Over the years, both critics and audiences alike have been split in their reaction to Kelly Reichardt’s productions. Certain Women, which is released on March 3rd, seems to have turned the tide of opinion with her depiction of three everyday American women with her understated yet subtle nuances that hands the baton to its audience to make of it what you will.
An adaptation of a collection of short stories, Certain Women centres on the lives of three different women which all intersect with a subtle nuance but never quite meeting. The three women, played by Laura Dern, Kirsten Stewart and Michelle Williams – the latter who has collaborated a total of three times with Reichardt – all seem disenchanted with their lives. All are strong-willed women who strive to forge their own paths amidst the wide-open plains of the American Northwest: a lawyer who finds herself contending with both office sexism and a hostage situation; a wife and mother whose determination to build her dream home puts her at odds with the men in her life; and a young law student who forms an ambiguous bond with a lonely ranch hand.
Ahead of the film’s release, we sat down with director Kelly Reichardt for a brief chat about the film.
Certain Women is based on the short stories from Maile Meloy’s collection, Both Ways Is the Only Way I Want It – What was the thinking behind the order in which to tell the stories?
They have to go in this order, with the emotional trajectory you can’t start on the ranch. You have to start on the enclosed and work out to the wire. I was thinking early on, because I use it my class so much, on Dangerous Ground the Nick Ray film that starts in the city and blocked in while the detectives are really uptight. Then it goes out and he is sent to Siberia and it opens up to this white big mass of snowy covered plains just as he opens up emotionally. So I was riffing on that a little bit, just in the emotional weight of the movie comes with a really big landscape.
Your films, including Certain Women, all seem to have that running theme of its characters having lost their way and are looking/wanting something more in their life – why is this subject so compelling for you?
What are the other subjects one could choose from? I’m working off stories that mostly already exist, so those are the stories I am drawn to. I don’t know, do they start off that way or end up that way? I’m not sure. I never think of them collectively, it’s just the next thing you get drawn too and you do it and look back and think that’s weird. I’m not sure how realistic it is, in real life the teacher would have never gotten on the back of a horse; there are some leaps one has to make. It’s sort of ground down into the daily processes of chores and that sort of daily routine that I like.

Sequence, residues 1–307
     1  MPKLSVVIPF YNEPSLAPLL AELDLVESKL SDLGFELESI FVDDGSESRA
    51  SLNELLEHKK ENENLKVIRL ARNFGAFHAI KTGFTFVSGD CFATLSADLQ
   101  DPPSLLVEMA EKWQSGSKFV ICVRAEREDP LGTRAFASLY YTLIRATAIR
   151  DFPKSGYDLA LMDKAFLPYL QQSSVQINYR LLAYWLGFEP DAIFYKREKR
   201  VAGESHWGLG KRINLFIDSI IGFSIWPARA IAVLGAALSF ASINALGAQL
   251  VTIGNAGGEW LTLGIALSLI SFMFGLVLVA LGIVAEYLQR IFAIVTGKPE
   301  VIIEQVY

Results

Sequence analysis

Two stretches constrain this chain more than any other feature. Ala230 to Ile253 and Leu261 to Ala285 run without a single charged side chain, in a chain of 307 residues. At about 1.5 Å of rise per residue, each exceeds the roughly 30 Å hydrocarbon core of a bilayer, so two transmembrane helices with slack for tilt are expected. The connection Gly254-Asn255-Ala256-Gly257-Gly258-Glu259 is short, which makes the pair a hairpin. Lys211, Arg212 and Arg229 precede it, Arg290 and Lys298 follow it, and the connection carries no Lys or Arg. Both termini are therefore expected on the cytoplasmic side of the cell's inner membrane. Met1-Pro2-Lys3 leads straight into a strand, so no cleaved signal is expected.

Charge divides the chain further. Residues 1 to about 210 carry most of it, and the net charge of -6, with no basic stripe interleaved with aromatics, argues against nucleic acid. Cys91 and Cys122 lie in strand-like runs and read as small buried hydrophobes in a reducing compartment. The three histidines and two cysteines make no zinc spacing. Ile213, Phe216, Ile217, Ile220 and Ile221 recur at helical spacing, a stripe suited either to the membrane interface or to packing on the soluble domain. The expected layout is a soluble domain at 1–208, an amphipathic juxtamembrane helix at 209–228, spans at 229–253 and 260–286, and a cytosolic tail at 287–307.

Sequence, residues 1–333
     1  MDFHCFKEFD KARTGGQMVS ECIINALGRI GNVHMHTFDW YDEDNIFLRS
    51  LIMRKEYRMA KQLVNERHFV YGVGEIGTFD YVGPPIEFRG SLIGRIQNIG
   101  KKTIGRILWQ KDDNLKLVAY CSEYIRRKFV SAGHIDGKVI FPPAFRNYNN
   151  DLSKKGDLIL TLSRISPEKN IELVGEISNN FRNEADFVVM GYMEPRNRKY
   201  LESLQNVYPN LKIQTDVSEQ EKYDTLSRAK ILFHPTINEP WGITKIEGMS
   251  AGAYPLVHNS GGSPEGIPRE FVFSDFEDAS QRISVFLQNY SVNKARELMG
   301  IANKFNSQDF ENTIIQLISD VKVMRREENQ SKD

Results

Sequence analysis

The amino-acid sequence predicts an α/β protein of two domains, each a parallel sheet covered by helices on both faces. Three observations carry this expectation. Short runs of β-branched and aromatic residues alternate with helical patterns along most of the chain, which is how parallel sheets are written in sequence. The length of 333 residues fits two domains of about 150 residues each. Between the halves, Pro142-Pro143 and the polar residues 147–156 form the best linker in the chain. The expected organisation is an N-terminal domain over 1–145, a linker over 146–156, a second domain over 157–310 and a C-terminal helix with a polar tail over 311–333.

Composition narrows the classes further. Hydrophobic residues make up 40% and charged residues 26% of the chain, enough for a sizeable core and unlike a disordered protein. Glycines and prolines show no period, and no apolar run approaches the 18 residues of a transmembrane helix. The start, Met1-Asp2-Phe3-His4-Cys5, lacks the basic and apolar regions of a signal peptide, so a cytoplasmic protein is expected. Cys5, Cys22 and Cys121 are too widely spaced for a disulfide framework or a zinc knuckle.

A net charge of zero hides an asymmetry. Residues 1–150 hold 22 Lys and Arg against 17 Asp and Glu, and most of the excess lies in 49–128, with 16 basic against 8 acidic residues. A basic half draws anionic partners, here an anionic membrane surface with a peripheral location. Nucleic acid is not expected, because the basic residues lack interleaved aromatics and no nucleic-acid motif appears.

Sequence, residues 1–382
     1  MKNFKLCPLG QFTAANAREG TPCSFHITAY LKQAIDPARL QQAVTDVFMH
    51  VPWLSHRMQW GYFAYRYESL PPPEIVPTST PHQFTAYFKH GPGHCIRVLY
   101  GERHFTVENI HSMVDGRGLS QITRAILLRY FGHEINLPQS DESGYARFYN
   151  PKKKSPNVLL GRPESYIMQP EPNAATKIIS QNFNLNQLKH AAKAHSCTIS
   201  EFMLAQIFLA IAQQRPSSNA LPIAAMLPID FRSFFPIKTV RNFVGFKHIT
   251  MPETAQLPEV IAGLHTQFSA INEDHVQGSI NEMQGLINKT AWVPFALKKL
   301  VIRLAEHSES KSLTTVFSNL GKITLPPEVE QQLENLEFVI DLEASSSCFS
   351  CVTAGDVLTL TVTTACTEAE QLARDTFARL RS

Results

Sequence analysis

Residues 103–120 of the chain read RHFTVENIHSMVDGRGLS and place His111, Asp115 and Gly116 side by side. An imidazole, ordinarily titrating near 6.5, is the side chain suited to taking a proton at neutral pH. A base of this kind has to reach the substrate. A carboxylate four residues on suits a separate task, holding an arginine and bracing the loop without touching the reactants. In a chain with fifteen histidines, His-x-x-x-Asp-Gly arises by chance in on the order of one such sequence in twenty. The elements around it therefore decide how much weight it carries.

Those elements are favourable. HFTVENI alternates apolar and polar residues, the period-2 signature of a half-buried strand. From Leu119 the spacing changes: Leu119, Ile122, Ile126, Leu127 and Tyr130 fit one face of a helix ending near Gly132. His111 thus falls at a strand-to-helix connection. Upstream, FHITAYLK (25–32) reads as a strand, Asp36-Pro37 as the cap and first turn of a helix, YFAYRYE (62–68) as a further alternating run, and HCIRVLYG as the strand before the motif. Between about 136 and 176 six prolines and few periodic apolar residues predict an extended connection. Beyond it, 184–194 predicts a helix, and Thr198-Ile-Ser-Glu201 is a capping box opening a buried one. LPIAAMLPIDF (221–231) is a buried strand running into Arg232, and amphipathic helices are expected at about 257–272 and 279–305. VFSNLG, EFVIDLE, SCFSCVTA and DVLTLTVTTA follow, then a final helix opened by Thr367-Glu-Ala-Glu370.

The cast of Michelle Williams, Kirsten Stewart and Laura Dern is an impressive one, how did you get them all to take time out from their busy schedules to make the film?
I didn’t actually need them for that long on my side of it. They did have to make a big effort, however, to come out to a freezing place in the middle of nowhere. Everyone was game which was really nice and they were all be beautiful actors to work with. They all enjoyed working with each other. They were never there at the same time so it was almost like making three different films and getting into these different worlds. We actually got the financing together for the movie a little bit faster than I anticipated which never happens, so people had to move quickly and jump in. The hardest thing was finding the Native American actress was going to be because I didn’t have her, she wasn’t someone I could easily just pull from. So finding Lily Gladstone was a good gift from the film gods.
The location setting all adds to the ambience and the harsh reality of what these women are going through, what was the process of finding the right setting for your distinct vision?
It’s a long drawn out process. In this case, the stories were written for Montana so I started in Montana, in Helena where Maile Maloy’s is from and it didn’t quite strike me, I couldn’t really get a handle on it so I went back to Oregon and scouted a few places. I went to Idaho and got really attached to Boise, there are so many lawyers’ offices in Boise, it just seemed perfect but Idaho isn’t very filmmaker friendly. I was circling around and Montana offered a grant to shoot there, so that’s when I started checking out other parts of Montana. I remember my producer Neil Kopp, on one of the early scout visits saying it doesn’t look different enough to shoot here, after there for four months and making so many trips there beforehand I am sure he would never say that now. It became so distinctive; I don’t think it looks anything like Oregon now. You just have to move in and really get down in it and the day to day routines to come to know a place and see how you can show a new landscape. When I found the horse ranch I knew I had found the right place.
Reichardt, much like her work, is an understated, quiet women who pack’s a subtle passion into her work. Although not revealing what her next project might be, her zeal for adapting literary works on the American way of life into cinematic art is a route she will most certainly adhere to. You can watch the trailer for Certain Women below;
Certain Women is in cinemas now.